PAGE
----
You’re never too old to learn how terribly ignorant you are.
When I first heard about plans for a World AIDS Museum in Fort Lauderdale, FL, some years ago, I might have rolled my eyes a little bit. Who’s going to that? I wondered. Those of us who were there aren’t likely to check it out, at least no more than once. We lived it.
Aside from the irony of someone who has spent his life chronicling HIV dismissing the value of a project that would, well, chronicle HIV, my misgivings were rooted in privilege and a rather myopic view of the epidemic at large.
Terry Dyer, bless him, has heard these questions before, and he’s perfectly suited for his role as Executive Director of the World AIDS Museum and Education Center because he has the patience to helpfully answer them, no matter how many white gay men of a certain age might keep asking them.
“I get that quite a bit, actually,” Terry responded, when I asked him directly about my initial attitude toward the museum. He then became a little more pointed in his explanation. “This epidemic impacts all of us and we have to keep that in mind. It is not an LGBTQ-specific epidemic or virus, it actually impacts all of us, right?”
Yes, the AIDS 101 lesson I was in the midst of receiving from Terry, who happens to be a Black man nearly a generation younger than me, gave me a flush of embarrassment. But he kept on with his point, patiently and without shaming the ageism and racism inherent in my attitude.
“People don’t necessarily know that, five or six years ago, the highest HIV infection rates were among African-American women. And so, with statistics like that, it gets rid of the notion that it is only LGBTQ focused. That’s why our organization needs to continue to exist, to continue the messaging among all demographics.”
The basic education about HIV that Terry outlined is vital to the mission of the museum, and is baked into its name: The World AIDS Museum and Education Center. The museum is hardly a depository for dusty artifacts from the plague years. While it features ongoing visual exhibits of HIV/AIDS history that are free and open to the public, Terry Dyer is most passionate about the outreach they offer to community groups, employers and schools to teach important history and explain the ongoing public health threat on HIV.
Based as they are in Florida, Terry is aware of the State’s muffling of gay and sexual health topics. He’s on the job, working with local school officials and legal minds to confront the legalities of anything that keeps the museum from educating in schools. They also have a busy summer program for students to explore HIV/AIDS through an artistic lens.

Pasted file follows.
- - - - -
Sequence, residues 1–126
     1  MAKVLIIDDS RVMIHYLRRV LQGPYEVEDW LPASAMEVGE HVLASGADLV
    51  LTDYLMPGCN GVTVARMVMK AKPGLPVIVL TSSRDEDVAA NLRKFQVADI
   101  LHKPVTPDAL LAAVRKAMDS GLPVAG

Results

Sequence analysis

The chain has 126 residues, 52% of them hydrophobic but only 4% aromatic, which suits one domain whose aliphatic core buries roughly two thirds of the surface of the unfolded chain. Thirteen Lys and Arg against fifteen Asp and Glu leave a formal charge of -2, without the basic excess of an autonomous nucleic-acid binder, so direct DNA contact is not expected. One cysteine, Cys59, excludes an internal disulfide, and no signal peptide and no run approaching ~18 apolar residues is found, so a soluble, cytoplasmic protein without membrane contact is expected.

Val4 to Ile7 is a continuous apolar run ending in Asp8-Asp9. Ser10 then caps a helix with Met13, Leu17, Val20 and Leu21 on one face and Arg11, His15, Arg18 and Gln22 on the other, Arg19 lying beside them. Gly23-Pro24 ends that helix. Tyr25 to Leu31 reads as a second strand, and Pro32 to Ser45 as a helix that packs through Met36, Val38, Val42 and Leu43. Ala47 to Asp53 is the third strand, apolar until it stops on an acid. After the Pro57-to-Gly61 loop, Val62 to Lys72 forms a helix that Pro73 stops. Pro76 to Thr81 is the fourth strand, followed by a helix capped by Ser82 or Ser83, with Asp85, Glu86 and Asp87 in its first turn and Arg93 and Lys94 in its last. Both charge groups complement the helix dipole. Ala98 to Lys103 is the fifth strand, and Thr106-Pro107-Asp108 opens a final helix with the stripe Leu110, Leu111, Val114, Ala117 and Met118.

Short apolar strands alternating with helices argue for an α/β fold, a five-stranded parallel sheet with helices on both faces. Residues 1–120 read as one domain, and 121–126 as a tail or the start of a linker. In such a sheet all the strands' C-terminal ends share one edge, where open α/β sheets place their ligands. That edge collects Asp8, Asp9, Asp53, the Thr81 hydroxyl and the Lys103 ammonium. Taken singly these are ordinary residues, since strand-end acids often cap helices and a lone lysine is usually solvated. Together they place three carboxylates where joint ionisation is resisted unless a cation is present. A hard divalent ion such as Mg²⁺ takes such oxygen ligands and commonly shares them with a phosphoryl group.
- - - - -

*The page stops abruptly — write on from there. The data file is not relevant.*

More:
My conversation with Terry Dyer could be condensed to simply, “Mark, it’s not about you. It’s about all those other communities whose lives have not been chronicled in the same way, who haven’t had media exposure and television movies, and it is about continuing to carry a message of prevention and support to those who haven’t heard it.”
It takes a certain confidence for anyone to create an organization called The World AIDS Museum and Education Center. I mean, you better have your act together to label yourself in that way. The exhibits I’ve seen at their facility have been impressive, but the passionate outreach embodied by Terry Dyer is where the real value of the museum becomes clear.
“We will continue to preserve the history of the epidemic,” Terry told me, “because younger generations need to know where we’ve been, where we are now, and how we move forward.”
“There’s a lot of gloominess around talking about HIV/AIDS,” Terry concluded, with perhaps a little side-eye toward the kind of attitude I initially displayed, “but there doesn’t have to be. For those who lived through the epidemic, that’s a privilege. With privilege comes responsibility. Let’s figure out ways we can take that and share the message, preserve our history, and make sure younger people are taking care of themselves from a sexual health and wellness perspective.”
For more information on the World AIDS Museum and Education Center, visit their website or stop by their museum location in Fort Lauderdale, Florida the next time you’re in town. I’m betting you will learn something, whether you lived through it or not.
p.s. Beyond his role in the HIV community, Terry Dyer knows how to slay Instagram. I’m just sayin’.